John Searle’s Minds, Brains and Science is a collection of the six Reith Lectures that he gave in 1984 on the relation between our conscious, meaningful, phenomenal experiences and the backdrop of nonconscious, meaningless, objective physical reality against which all of the former inevitably play out. Essentially, the problem is this: We experience things, but everywhere else we look in the universe, we do not see experiences. How do we explain this seemingly trivial fact and make consciousness fit in with everything else we know?
This is inevitably a question that he is unable to provide a clear answer for, but, nonetheless, this was a successful, and worthwhile, work. The lectures were intended for a lay audience, so they are largely non-technical, but as far as I can tell, none of the necessary content was lost. Searle is still able to explicate each of the sub-problems and arguments very well. He manages to minimize caricaturing his opponents while simultaneously keeping the focus on what, he thinks, are the real issues. All the while, he manages to introduce several new ideas. His remarks on the social sciences and the freedom of the will are especially noteworthy.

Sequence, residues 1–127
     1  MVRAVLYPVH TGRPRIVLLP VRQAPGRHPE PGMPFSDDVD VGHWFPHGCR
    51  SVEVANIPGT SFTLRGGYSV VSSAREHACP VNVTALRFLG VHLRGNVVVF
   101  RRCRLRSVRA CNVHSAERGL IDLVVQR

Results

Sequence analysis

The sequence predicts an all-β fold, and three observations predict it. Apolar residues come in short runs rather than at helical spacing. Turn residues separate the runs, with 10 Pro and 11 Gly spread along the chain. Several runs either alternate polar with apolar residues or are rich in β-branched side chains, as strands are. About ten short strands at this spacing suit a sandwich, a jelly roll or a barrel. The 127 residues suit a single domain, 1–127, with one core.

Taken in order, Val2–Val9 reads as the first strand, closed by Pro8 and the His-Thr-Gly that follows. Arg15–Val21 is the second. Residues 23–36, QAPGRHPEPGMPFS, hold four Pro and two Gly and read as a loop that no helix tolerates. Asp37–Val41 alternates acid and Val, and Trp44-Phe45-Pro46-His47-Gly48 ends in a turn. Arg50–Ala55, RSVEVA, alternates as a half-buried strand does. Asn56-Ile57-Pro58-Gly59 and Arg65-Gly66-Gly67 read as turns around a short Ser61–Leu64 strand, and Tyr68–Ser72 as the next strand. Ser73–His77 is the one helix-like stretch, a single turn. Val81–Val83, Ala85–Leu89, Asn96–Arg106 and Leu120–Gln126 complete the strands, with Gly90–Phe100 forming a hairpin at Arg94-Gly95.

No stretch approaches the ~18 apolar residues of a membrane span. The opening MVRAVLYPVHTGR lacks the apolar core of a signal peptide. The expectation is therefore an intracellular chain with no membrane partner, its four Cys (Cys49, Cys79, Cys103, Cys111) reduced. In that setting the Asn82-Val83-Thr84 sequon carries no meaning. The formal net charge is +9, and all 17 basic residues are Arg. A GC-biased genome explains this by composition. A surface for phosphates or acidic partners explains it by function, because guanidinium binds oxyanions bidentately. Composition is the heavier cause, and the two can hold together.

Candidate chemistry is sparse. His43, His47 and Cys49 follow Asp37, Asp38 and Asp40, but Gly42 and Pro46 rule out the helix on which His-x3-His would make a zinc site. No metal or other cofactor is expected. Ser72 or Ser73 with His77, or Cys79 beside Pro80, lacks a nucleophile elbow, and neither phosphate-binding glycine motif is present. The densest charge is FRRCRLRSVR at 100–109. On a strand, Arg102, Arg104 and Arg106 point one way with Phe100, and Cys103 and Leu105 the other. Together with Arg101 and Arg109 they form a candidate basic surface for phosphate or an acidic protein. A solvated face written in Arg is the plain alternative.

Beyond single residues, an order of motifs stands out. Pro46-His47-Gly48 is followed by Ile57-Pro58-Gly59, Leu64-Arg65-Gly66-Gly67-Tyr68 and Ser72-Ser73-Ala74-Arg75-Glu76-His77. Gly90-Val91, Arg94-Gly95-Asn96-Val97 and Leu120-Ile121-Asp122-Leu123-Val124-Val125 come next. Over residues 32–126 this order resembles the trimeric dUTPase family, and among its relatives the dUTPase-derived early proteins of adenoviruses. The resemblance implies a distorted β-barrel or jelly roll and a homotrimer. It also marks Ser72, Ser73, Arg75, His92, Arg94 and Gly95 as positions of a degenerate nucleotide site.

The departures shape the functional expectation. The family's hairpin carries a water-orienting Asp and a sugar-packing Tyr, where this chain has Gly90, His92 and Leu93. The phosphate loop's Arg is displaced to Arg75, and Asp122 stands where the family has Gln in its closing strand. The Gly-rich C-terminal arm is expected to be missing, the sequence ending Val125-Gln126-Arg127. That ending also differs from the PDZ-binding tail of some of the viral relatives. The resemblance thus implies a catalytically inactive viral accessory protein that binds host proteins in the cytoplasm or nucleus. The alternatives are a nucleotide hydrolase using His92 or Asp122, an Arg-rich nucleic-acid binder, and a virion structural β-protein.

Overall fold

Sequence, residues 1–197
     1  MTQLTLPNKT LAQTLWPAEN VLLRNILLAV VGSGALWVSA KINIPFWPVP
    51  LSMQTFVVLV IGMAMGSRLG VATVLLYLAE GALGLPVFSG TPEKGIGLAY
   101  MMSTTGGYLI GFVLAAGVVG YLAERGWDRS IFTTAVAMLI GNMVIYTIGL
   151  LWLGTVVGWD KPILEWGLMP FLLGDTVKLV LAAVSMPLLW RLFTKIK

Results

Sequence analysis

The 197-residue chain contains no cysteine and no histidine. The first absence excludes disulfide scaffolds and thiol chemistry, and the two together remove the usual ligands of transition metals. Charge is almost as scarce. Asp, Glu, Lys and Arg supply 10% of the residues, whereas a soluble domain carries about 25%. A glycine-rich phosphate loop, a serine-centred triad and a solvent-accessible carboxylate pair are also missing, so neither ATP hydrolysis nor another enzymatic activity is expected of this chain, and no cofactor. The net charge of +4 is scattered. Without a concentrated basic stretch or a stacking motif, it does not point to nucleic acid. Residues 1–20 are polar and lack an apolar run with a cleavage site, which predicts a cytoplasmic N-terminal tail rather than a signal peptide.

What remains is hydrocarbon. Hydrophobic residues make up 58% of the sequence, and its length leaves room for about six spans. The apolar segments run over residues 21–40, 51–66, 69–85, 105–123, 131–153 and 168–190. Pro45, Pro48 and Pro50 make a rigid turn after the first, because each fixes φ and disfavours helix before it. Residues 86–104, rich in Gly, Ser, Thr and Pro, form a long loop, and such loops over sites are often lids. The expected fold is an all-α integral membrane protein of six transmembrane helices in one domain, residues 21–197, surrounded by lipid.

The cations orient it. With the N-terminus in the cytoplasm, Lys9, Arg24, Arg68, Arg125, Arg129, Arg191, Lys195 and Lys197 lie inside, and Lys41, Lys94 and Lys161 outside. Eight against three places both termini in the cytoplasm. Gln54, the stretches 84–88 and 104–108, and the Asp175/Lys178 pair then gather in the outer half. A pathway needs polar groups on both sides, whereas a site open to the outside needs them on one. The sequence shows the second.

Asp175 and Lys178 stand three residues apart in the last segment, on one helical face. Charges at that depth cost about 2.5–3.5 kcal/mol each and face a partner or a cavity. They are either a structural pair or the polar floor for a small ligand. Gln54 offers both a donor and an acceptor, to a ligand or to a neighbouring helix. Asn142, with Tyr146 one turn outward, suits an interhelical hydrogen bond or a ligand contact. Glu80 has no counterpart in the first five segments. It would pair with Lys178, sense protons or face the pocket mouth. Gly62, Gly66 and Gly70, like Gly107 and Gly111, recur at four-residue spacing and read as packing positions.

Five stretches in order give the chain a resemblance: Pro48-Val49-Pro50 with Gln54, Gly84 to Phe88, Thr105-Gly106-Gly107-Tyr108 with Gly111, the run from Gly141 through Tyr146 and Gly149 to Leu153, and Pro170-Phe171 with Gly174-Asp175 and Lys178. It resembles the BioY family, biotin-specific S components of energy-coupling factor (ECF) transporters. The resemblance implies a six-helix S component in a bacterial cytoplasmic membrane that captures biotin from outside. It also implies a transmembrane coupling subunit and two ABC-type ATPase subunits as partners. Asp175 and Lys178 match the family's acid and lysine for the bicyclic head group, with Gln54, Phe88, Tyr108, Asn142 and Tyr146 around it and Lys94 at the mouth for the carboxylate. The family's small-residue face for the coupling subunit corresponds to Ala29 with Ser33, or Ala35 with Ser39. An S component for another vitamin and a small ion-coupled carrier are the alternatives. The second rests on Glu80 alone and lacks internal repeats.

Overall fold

In its entirety, the read comes down to less than a hundred pages, making it a perfect introduction to the problem at large. At the same time, it retains enough depth to catch the eye of even the most weathered philosopher-scientist—and for that, I give it five out of five stars.